Makino Research Content
We are investigating the earliest events of vision wherein light is converted into an electrical signal by the retinal photoreceptors.
What sets the speed of the photoresponse?
Rods contain an enormous number of rhodopsin molecules densely packed in membranous disks, in order to achieve high sensitivity. But dense packing could impair phototransduction by restricting the lateral mobility of rhodopsin as well as that of other proteins in the membrane. To test the hypothesis that the speed of the photoresponse is limited by the rates with which molecules collide with each other on the membrane, we recorded photoresponses of single rods containing fewer rhodopsins in their membranes. This condition was achieved by hemizygous knockout of the rod opsin gene in transgenic mice (R+/-). Photoresponses were accelerated by the reduction in rhodopsin packing density, supporting the hypothesis (Fig. 1). The key step in the activation of the photoresponse was identified as the collision between rhodopsin and transducin. Response recovery appears to be limited by the collision rate between rhodopsin and rhodopsin kinase and/or that between between transducin and RGS9. These results predict that under scotopic conditions, humans heterozygous for a null mutation in rhodopsin will have higher than normal temporal resolution.
Figure 1. Top panels: membrane surfaces of wild type and transgenic mouse rod membranes. Rhodopsins and transducins are depicted by red and blue circles, respectively. The green area shows the surface area “sampled” by a photoexcited rhodopsin (green star) every few milliseconds as it diffuses. The area expands and the number of transducins contacted increases as the packing density of rhodopsins decreases. Bottom panels: flash responses of wild type (left) and R+/- (right) rods recorded with suction electrode. Responses of R+/- rods rise and recover more rapidly than those of the wild type rods.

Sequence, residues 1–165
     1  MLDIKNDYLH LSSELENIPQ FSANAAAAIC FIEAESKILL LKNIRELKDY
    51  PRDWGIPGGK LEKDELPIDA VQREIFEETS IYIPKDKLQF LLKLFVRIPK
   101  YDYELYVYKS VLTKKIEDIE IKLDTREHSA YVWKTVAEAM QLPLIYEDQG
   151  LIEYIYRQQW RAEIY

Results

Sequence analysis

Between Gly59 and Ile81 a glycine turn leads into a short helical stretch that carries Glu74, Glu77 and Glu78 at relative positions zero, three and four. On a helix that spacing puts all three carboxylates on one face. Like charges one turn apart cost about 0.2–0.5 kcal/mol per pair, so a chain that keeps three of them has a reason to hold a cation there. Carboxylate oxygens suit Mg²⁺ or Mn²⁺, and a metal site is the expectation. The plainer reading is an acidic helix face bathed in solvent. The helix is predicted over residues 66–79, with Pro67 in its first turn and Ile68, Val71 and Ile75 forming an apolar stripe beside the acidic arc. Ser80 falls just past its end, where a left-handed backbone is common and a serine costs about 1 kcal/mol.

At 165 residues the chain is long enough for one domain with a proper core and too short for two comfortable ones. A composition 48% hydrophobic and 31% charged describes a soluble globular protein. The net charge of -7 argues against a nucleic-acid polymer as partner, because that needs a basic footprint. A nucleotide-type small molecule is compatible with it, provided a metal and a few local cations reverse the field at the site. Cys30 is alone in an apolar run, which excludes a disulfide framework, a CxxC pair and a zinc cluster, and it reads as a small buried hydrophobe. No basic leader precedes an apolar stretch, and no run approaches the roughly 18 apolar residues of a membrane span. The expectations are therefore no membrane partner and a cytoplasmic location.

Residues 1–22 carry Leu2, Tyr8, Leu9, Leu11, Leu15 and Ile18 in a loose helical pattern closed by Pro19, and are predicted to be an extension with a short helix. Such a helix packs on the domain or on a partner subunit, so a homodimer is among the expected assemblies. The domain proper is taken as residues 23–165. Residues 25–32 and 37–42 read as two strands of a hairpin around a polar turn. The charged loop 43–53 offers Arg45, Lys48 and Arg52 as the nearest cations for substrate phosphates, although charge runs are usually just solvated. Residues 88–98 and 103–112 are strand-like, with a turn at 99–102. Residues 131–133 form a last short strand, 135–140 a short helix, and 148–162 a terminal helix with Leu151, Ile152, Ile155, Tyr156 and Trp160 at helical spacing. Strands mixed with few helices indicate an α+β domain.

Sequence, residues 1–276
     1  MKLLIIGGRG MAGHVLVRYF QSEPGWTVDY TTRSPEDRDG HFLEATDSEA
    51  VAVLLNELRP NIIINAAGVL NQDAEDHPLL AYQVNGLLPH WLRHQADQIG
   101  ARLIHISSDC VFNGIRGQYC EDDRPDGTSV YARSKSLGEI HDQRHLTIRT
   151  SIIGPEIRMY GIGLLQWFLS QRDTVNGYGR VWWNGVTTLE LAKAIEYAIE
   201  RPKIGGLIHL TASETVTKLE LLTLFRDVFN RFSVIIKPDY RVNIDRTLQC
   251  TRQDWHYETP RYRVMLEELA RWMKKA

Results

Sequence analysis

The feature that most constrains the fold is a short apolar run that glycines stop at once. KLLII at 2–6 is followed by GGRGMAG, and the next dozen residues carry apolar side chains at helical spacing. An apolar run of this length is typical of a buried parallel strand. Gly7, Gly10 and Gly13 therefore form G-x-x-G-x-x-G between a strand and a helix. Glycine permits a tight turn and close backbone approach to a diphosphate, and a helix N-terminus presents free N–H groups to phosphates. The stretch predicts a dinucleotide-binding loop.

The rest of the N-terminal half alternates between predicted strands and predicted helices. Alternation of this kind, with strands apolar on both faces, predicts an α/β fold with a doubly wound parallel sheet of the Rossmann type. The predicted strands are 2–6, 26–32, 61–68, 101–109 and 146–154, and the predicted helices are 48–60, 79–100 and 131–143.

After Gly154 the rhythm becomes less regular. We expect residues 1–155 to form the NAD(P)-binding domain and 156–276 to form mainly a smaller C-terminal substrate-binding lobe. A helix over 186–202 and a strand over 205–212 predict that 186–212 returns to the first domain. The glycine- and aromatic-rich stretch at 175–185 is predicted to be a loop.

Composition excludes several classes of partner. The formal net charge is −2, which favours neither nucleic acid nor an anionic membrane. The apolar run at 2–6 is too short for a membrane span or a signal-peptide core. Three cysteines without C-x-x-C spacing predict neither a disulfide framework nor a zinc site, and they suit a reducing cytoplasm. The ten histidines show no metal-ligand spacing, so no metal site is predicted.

To find out how much the speed of the photoresponse slows with more rhodopsin in the membranes, recordings were made from mutant mice induced to overexpress rhodopsin. Surprisingly, the rods expanded their diameter to accommodate the extra rhodopsins without increasing membrane crowding. The rising phase of the photoresponse was still slowed, however, due to the increased intracellular volume and the dispersal of transducins over a greater membrane surface area.
What determines the spectral sensitivity of a photoreceptor?
The spectral sensitivity of a photoreceptor is largely determined by the visual pigment that it contains. Although photoreceptors were generally thought to express only one type of pigment, there are a number of examples where a cone has been shown to contain two different types of pigments. However, we discovered that the UV-sensitive cone in tiger salamander contains three different types of pigments, all of which are functional (Fig. 2). In addition to a UV-absorbing pigment, the pigments of blue- and red-sensitive cones are also present. Selectivity of pigment expression is not completely lacking in the UV-sensitive cone because the green-sensitive rod pigment is absent. Interestingly, the blue-sensitive cone pigment is also expressed in a blue-sensitive rod (Fig. 2), the first example of a rod and a cone utilizing the same visual pigment.
Figure 2. Averaged spectral sensitivities of salamander UV-sensitive cones (violet circles), blue-sensitive rods (blue diamonds) and cones (blue circles) and red-sensitive cones (red circles). Continuous lines show fits of the spectra with a template. The fit to the UV-sensitive cone spectrum was made assuming that the long wavelength limb included components that were the same as those giving rise to the spectra of the other two cone types.
Can visual pigments be activated pharmacologically?
Ordinarily, photoisomerization of visual pigment changes it from a quiescent to a catalytically active state. We discovered that pigments can also be activated by the binding of small molecules. In electrical recordings of single photoreceptors, pharmacologic activation mimicked the effect of a background light, leading to reduced circulating current, lower sensitivity, and faster flash response kinetics (Fig. 3). The truncated retinoid, ß-ionone, activates some visual pigments but not others. In contrast, vitamin A appears to be less selective. Based upon results of a biochemical screen of opsin against a chemical library, we are now testing the effects of a number of non-retinoid compounds for their ability to activate visual pigments in rods and cones. Certain inherited retinal degenerations are caused by photoreceptor dysfunction in which there is a mutation that disrupts the phototransduction cascade. Depending upon the nature of the defect, compounds that either up- or down-regulate visual pigment activity may prove useful as a treatment option.